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Epiphany is a season of light. It begins in midwinter, just as daylight begins to lengthen. It commemorates the bright star that led the magi to the Christ child, and it celebrates God’s manifestation in moments of Jesus’s life—his baptism, his first sign at Cana, his Transfiguration. 

God is light, and in him is no darkness at all. He is an eternal fellowship of light, eternal Source, eternal Radiance, and eternal Dispersion who illumines the Source and Radiance. The Father shines as the Light who makes the Son radiant in the Spirit. The Triune communion is eternal, mutual illumination. By the incarnation, the Sunrise from on high visits us, and shines through flesh, so all flesh sees it together.

Light is the beginning of creation, and by creating light God gives everything else. Without light, things are invisible, not recognizable things at all. A world without light is a world tohu w-bohu, formless and empty (Gen. 1:2). Light is good, the first created good, the good without which nothing else could be, or be good. Nothing can live without light. To say God is light is to say he is boundless life, and Giver of life. As a season of light, Epiphany is a season of life, a distant glimmer of Easter.

Light is glorious; it dazzles. Light is glory; it glorifies as it enables other things to emerge in their own glory. Everything that receives light reflects light. Everything illumined illuminates (Eph. 5:13). As uncreated light, God is both glory and glorifier. If God is light and creates light, and if everything that is in light is light, the whole creation gleams with the refracted light of God. His glory fills, and will fill, all things. Everything is encompassed within the epiphany of the God of light. Thus the Davidic king is the “lamp” of Israel, whose realm is the circle of his light. Thus Israel is a light among the Gentiles. Thus, bathed in the light that is God, the disciples of Jesus are the light of the world, a shining city on a hill.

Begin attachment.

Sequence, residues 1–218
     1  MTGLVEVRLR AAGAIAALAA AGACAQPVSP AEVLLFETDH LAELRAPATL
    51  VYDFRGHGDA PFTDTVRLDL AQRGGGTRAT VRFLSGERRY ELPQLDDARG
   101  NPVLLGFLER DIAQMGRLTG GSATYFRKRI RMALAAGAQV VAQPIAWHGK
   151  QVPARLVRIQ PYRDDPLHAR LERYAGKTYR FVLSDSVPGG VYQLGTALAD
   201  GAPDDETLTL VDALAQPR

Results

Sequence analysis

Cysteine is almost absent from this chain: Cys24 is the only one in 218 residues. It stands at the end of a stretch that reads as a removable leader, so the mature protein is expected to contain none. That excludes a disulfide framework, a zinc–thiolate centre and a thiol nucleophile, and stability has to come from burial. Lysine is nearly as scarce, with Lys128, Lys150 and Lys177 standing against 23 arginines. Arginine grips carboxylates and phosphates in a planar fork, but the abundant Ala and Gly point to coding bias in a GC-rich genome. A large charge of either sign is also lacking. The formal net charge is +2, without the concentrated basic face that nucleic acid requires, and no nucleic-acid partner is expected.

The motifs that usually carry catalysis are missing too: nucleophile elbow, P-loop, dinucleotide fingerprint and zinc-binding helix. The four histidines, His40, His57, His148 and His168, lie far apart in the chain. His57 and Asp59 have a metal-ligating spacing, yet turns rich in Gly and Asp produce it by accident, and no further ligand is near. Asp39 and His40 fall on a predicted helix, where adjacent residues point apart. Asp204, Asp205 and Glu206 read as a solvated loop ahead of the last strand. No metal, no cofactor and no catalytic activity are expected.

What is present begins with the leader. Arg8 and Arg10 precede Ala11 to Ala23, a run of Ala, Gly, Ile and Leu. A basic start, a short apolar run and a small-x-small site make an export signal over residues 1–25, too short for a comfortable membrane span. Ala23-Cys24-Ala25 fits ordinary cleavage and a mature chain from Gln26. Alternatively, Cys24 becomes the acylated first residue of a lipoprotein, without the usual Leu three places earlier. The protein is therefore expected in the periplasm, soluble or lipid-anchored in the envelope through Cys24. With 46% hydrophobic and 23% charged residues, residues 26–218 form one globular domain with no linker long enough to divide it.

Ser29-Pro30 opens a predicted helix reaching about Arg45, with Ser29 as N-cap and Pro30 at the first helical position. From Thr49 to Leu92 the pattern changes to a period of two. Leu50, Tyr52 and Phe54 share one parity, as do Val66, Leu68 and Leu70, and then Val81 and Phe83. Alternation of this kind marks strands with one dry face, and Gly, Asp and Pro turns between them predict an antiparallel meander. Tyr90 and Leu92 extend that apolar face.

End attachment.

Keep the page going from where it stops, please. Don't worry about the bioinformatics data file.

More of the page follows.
Light exposes what’s hidden, and so makes judgment possible. Exposure is judgment. God is light also because he is the Judge whose burning eyes see every secret. Light repels those who want to hide their evil deeds; light attracts those who practice the truth, so their deeds may be manifested as God’s own. Light conquers darkness. God is light in that he overcomes: He is victor.

Light keeps time. The rhythm of light and darkness marks out days, while the movements of sun, moon, and stars mark months, seasons, and years. Light dawns at the beginning. It is the first of God’s creatures. Light rises at the end. At creation, darkness broods over the deep, and then is dispelled by the fiat lux. Days begin with evening, and history begins in the dusk of the old creation. Light comes last, and if God is light, he is the God of the future, the light that glows ahead and shines back to illumine all that comes before. As it looks back to the light of Jesus, Epiphany also directs us forward to the eternal day.

As Epiphany manifests the God who is light, it also manifests the mission of the illuminated. Glorified in the Spirit of Jesus, we glorify. Having received the life of God, we give life. We’ve been exposed by the Light, and so are called to expose the deeds of darkness. Sharing the light of Jesus, we share too in his overcoming, victors over the darkness. In the light of Jesus, we shine with tomorrow’s light, so the light of the last day may illumine the way. We become ourselves the epiphany of the God of light.

Peter J. Leithart is President of Theopolis Institute.

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